35 The people stood watching, and the rulers even sneered at him.They said, “He saved others; let him save himself if he is God’s Messiah, the Chosen One.”

36 The soldiers also came up and mocked him. They offered him wine vinegar 37 and said, “If you are the king of the Jews, save yourself.”

38 There was a written notice above him, which read: this is the king of the jews.

39 One of the criminals who hung there hurled insults at him: “Aren’t you the Messiah? Save yourself and us!”

40 But the other criminal rebuked him. “Don’t you fear God,” he said, “since you are under the same sentence? 41 We are punished justly, for we are getting what our deeds deserve. But this man has done nothing wrong.”

42 Then he said, “Jesus, remember me when you come into your kingdom.[c]

43 Jesus answered him, “Truly I tell you, today you will be with me in paradise.”

The Death of Jesus

44 It was now about noon, and darkness came over the whole land until three in the afternoon, 45 for the sun stopped shining. And the curtain of the temple was torn in two. 46 Jesus called out with a loud voice, “Father, into your hands I commit my spirit.”[d] When he had said this, he breathed his last.

47 The centurion, seeing what had happened, praised God and said, “Surely this was a righteous man.” 48 When all the people who had gathered to witness this sight saw what took place, they beat their breasts and went away. 49 But all those who knew him, including the women who had followed him from Galilee, stood at a distance, watching these things.

 

Apologize, Forgive, Forget


Sunday was a great learning day for me. The sermon was about the reconciliation of the biblical twin brothers, Jacob and Esau, who had been estranged for twenty years due to Jacob sneakily stealing Esau’s birthright from their father, Isaac, and Esau threatening to kill his brother because of it.

Jacob eventually decided to seek out his twin and make amends; not to just offer his apologies but to see him face to face even though the prospective meeting weighed heavily on him. Here is what the pastor said: “Communication can happen in a lot of different ways, but relationships happen face-to-face.” Isn’t that a heart stirring statement? Just think about it…the awesomeness of a face-to-face reconciliation after months or years of estrangement.

Here is another statement from the sermon that stood out for me: “If there are issues within our families, with people at school or work, or even here within the Church, the path to reconciliation is one that, first, has to bring us face-to-face with God.  Face-to-face.  With all the exposure, and vulnerability, and demand for authenticity that implies. The simple fact is that you’ll never know peace around you until you experience peace inside you.  And you’ll never experience peace inside you until you make peace with God.”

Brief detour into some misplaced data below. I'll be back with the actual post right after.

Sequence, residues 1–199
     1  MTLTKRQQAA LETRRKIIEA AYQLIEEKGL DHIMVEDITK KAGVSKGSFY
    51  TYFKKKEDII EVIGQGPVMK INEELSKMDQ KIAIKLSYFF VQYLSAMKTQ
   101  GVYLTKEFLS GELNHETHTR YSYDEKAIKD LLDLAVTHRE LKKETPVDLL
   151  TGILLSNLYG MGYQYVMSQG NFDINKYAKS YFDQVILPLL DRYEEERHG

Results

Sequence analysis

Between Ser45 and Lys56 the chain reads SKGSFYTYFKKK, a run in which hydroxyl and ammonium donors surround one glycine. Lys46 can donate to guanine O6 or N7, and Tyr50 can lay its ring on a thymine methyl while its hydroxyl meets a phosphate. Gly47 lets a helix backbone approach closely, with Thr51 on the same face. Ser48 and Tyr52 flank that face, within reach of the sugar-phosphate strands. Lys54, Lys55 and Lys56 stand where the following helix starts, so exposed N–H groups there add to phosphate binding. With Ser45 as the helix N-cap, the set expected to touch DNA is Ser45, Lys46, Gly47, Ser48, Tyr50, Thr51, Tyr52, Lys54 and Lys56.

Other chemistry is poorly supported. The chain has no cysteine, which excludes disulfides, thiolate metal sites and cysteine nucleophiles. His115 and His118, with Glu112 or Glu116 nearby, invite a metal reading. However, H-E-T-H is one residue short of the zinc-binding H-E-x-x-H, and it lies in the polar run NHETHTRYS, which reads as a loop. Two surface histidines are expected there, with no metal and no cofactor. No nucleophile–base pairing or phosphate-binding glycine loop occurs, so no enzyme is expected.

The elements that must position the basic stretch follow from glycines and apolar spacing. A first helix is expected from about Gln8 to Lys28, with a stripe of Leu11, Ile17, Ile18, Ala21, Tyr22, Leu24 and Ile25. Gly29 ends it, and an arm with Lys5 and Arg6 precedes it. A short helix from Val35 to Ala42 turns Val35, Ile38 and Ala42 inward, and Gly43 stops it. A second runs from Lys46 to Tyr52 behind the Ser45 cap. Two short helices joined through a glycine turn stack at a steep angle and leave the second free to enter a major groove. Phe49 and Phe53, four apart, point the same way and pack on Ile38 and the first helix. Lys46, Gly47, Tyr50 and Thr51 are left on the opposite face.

And this comment was the frosting on the cake: “Those who apologize are the bravest, those who forgive are the strongest, those who forget are the happiest.”

How wonderful to be just sitting still, peacefully listening, and have life lessons like this fall into my lap.

Apologize, forgive, forget. Amen.

 

 

 

 

Getting Along With Others


“Mine your own material” was assignment sixteen from #everydayinspiration. Well, I spent quite a few hours doing some mining and came up with the following, due to so much unrest in today’s world. It’s material from a past post which I’ve edited for this one…words of wisdom from various sources for peaceful living.

If someone hurts you repeatedly, you are commanded by God to forgive them instantly, but you are not expected to trust them immediately, and you are not expected to continue allowing them to hurt you…The Purpose Driven Life – page 143.

Don’t have anything to do with foolish and stupid arguments because you know they produce quarrels…be kind to everyone, able to teach, not resentful…2 Timothy 2:23, 24

Thoughtless words can leave lasting wounds. God did not put us on earth to hurt people’s feelings. (Source unknown)

I am resolved in all human contact to meet petulance with patience, questionings with kindness, hatred with love, eager always to do the kindly deed that brings the joy of service and that alone makes human life truly human…Ralph Waldo Trine, In Tune with the Infinite.

Love your enemies for they tell you your faults….Benjamin Franklin.